Monday, April 29, 2013

You don't get a lot of time to implement change


Your window to get things started is pretty small.

me·di·o·cre

[mee-dee-oh-ker] adjective
  1. of only ordinary or moderate quality; neither good nor bad; barely adequate.
  2. not satisfactory; poor; inferior.
 
In the Navy, we rotate a lot, and end up having to quickly pick up new jobs, only to turn them back over in two years (if we're lucky, sometimes we get yanked faster). The conventional wisdom would be to not rock the boat until you get yourself oriented (normally in 6 months). Then, at that point, you might be able to make some small changes, and maybe keep them in place long enough to turn them over with your relief.
 
If you do this at every job...you'll likely change nothing for the long term.
 
The time to implement changes is shortly after you arrive. This will give you a long enough time to see those changes fully implemented, as well as make adjustments should you not have the full answer right away. You only get about a week or two to get oriented, and another two weeks to decide on major changes that need to happen. After that, it's going to take longer and longer to implement change...and it'll have less chance of sticking.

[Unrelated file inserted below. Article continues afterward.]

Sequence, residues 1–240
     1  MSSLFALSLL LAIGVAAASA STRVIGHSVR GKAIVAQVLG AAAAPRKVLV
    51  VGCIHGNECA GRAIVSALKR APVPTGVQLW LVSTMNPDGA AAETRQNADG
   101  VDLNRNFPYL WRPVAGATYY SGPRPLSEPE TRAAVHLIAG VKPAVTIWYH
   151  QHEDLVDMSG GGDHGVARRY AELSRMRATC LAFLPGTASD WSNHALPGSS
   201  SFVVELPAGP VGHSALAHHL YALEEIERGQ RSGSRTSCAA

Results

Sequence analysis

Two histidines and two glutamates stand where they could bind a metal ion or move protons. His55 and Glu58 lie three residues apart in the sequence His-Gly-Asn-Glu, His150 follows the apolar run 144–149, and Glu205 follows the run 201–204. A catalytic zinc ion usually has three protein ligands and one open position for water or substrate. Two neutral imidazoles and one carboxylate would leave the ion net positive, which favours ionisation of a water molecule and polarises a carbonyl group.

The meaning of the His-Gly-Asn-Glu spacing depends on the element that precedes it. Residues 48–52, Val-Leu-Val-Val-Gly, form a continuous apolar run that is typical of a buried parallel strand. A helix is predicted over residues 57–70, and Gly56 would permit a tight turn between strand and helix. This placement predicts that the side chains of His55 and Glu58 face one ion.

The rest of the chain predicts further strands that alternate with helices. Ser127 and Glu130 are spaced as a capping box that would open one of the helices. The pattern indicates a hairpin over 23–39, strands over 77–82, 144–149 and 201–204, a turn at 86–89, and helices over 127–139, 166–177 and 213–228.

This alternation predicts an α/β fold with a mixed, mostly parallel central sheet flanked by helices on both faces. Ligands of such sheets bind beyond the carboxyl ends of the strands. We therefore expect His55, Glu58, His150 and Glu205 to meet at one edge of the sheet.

A former 3-star boss of mine attempted to change the way our command was organized in the last 6 months he was in charge. He retired shortly after signing the new structure...and the incoming guy threw it out about a month later. If he had reorganized right away, we would have had two years under the new structure, and if it was indeed better, the next guy would likely have hesitated to change it.
 
When you get to a new job, spend the extra time learning it inside and out, and make your changes quickly. People expect change with a new boss. After a while, you're no longer the "new" boss, so the expectation of things changing goes away. Soon, you're in a routine. If you built the routine, you have the chance to change how business is done, and leave a positive mark on your organization. If you execute someone else's routine...things will stay the same.
 
Figure out what you're going to change and do it quickly. Make it your new routine, or else you'll just be a copy of the last guys routine.

1 comment:

  1. I get what you are saying, but I have also read equally cogent arguments stating that change for the sake of is not a valid reason. The 3 star making changes in the last 6 months falls into that category. If you rush to make a change early in your tour, then such a change may fall into that category, or may fail because time wasn't taken to ensure the change was necessary or well done.

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